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Empty seats at regulators hold back Trump bid to undo Dodd-Frank

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President Trump’s push to roll back Wall Street regulations is being held up by his inability to fill open seats at the two main agencies charged with overseeing the financial industry.

The White House’s inaction has left the Securities and Exchange Commission and Commodity Futures Trading Commission with just two members each, one from each political party. That’s given the lone Democrats at each regulator the unusual power to block policy moves they disagree with.

The dynamic is putting a spotlight on the SEC’s Kara Stein and the CFTC’s Sharon Bowen, two commissioners who have been full-throated supporters of tightening industry rules after the 2008 financial crisis. Instead of being shunted aside as Republicans took control of the government this year, the two are being heralded as big impediments to Trump’s deregulatory agenda.

“Many are waking up now to the reality that two Democratic commissioners at two little regulators may stand in the way,” said Tyler Gellasch, a former aide to Stein who’s now executive director of the Healthy Markets Association, whose members include mutual funds and other large investors. “They don’t get to write the rule, but they can stop it.”

The two Democrats’ sway looms especially large because Republicans and Trump have made little progress on Capitol Hill trying to repeal the 2010 Dodd-Frank Act, the post-crisis law that loaded new rules on Wall Street. With Congress bogged down on other contentious issues and little consensus about rewriting Dodd-Frank, the Trump administration will need to rely on federal agencies such as the SEC and CFTC to provide the promised regulatory relief.

That point was underscored last month by Mark Calabria, the chief economist for Vice President Mike Pence, who said that the Obama-era rules could be “easily erased once we have new regulators in place."

Trump has chosen securities lawyer Jay Clayton to run the SEC and CFTC Commissioner J. Christopher Giancarlo to head that agency. Their nominations are pending in the Senate.

The Senate Banking Committee approved Clayton on Tuesday, sending his nomination for a vote in the full chamber. Even if Clayton is in place, Stein could still block Republicans’ efforts under the agency’s quorum rules by not showing up at a vote.

The administration will need to fill additional commissioner seats at both agencies if it wants to break the logjam. Still, getting nominees vetted and approved by the Senate will take months -- and Trump hasn’t announced any other picks for the five-member commissions.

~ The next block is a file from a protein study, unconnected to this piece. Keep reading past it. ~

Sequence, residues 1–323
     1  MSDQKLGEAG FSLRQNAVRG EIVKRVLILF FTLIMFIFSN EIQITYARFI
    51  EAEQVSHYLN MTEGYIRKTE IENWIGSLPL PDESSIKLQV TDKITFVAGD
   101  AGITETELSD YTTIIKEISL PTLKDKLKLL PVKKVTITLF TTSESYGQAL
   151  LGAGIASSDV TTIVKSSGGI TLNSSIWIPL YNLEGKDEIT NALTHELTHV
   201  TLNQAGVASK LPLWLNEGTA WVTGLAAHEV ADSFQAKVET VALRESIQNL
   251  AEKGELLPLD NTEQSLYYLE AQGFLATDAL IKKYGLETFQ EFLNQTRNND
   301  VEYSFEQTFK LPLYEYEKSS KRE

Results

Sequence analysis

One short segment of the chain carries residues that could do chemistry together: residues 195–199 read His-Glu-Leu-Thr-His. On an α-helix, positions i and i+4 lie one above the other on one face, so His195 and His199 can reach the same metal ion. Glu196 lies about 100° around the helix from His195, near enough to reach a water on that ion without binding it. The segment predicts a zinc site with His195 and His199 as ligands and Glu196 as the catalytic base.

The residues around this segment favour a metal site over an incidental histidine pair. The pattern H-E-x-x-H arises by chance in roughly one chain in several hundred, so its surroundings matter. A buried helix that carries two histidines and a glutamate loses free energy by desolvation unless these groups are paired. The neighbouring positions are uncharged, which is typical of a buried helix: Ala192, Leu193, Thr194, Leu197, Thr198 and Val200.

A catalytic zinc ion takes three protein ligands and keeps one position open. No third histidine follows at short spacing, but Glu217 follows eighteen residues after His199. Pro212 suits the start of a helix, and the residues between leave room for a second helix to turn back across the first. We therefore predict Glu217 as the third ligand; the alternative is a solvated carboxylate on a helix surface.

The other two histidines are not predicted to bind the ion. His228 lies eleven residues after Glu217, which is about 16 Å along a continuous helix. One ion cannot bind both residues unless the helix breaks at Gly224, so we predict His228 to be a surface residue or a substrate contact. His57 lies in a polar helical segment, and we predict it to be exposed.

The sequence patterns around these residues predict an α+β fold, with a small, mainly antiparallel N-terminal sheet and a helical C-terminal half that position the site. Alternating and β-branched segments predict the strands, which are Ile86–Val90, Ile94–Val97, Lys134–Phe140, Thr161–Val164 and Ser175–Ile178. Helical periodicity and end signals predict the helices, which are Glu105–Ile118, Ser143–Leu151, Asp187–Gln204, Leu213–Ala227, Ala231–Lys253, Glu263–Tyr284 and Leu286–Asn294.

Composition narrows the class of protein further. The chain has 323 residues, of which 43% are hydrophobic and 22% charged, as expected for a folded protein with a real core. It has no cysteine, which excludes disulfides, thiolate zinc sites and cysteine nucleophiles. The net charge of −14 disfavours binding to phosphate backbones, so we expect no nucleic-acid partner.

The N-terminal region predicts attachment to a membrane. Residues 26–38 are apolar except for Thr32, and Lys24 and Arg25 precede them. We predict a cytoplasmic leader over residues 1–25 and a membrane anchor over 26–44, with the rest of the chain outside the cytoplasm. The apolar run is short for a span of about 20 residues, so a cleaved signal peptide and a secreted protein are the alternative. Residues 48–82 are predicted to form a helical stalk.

On Tuesday at a meeting of business executives, Trump reiterated his pledge to rollback financial regulations, saying his administration plans a “very major haircut on Dodd-Frank.” Wall Street, however, seems to be losing faith that it will happen any time soon. The KBW Bank Index of 24 financial companies is now down for the year after surging 30% in the fourth quarter of 2016.

Stein declined to comment for this story. Bowen said in a statement that “it would be a mistake to repeal Dodd-Frank and all the evidence-based, smart regulations that have been put in place over the last seven years." She said she looks forward to working with the commission’s Republican chairman to "consider how we can make our regulations better."

Despite the talk of cooperation -- neither commissioner has publicly threatened to use the veto power -- many Democrats see Stein and Bowen as an important bulwark.

Indeed, their records show they’ve been willing to stand up to the financial industry.

Stein, for example, used SEC procedural rules to demand additional penalties for Wall Street banks settling enforcement cases, turning what had been an obscure issue into a flashpoint at the agency and on Capitol Hill. Stein’s effort has been championed by Democratic Senator Elizabeth Warren of Massachusetts, a leading critic of financial firms.

At the CFTC, which oversees the $544 trillion swaps industry, Bowen has also taken a tough stance.

In 2015, she opposed a CFTC rule that benefited Goldman Sachs and other firms by freeing them from having to post billions of dollars of collateral for certain derivatives trades. Bowen also took on high-frequency traders in November when she supported making it easier for regulators to access their secret algorithms.

The two Democratic commissioners’ views stand in stark contrast to those of Trump’s picks to head the SEC and CFTC. Clayton and Giancarlo have made it clear they’re eager to follow through on the president’s agenda.

Clayton told Senators at his confirmation hearing last month that rules related to Dodd-Frank should be reviewed.

And Giancarlo, who is running the CFTC on an acting basis while awaiting Senate confirmation, recently ordered an agency-wide review of rules to make them less costly for business. He says the regulator is “reinterpreting” its mission.

With Republicans in charge of Congress and the White House, some industry groups say it would be counterproductive for the Democratic commissioners to use their temporary power to block the deregulatory push. Soon enough, they say, the agencies will be back to full strength with three Republican appointees controlling the agenda.

“Sure, they can obstruct things for a period of time, but that also may marginalize their ability to get things done when there’s a full commission,” said Tom Quaadman, senior vice president of the U.S. Chamber of Commerce’s Center for Capital Markets Competitiveness.

Bloomberg News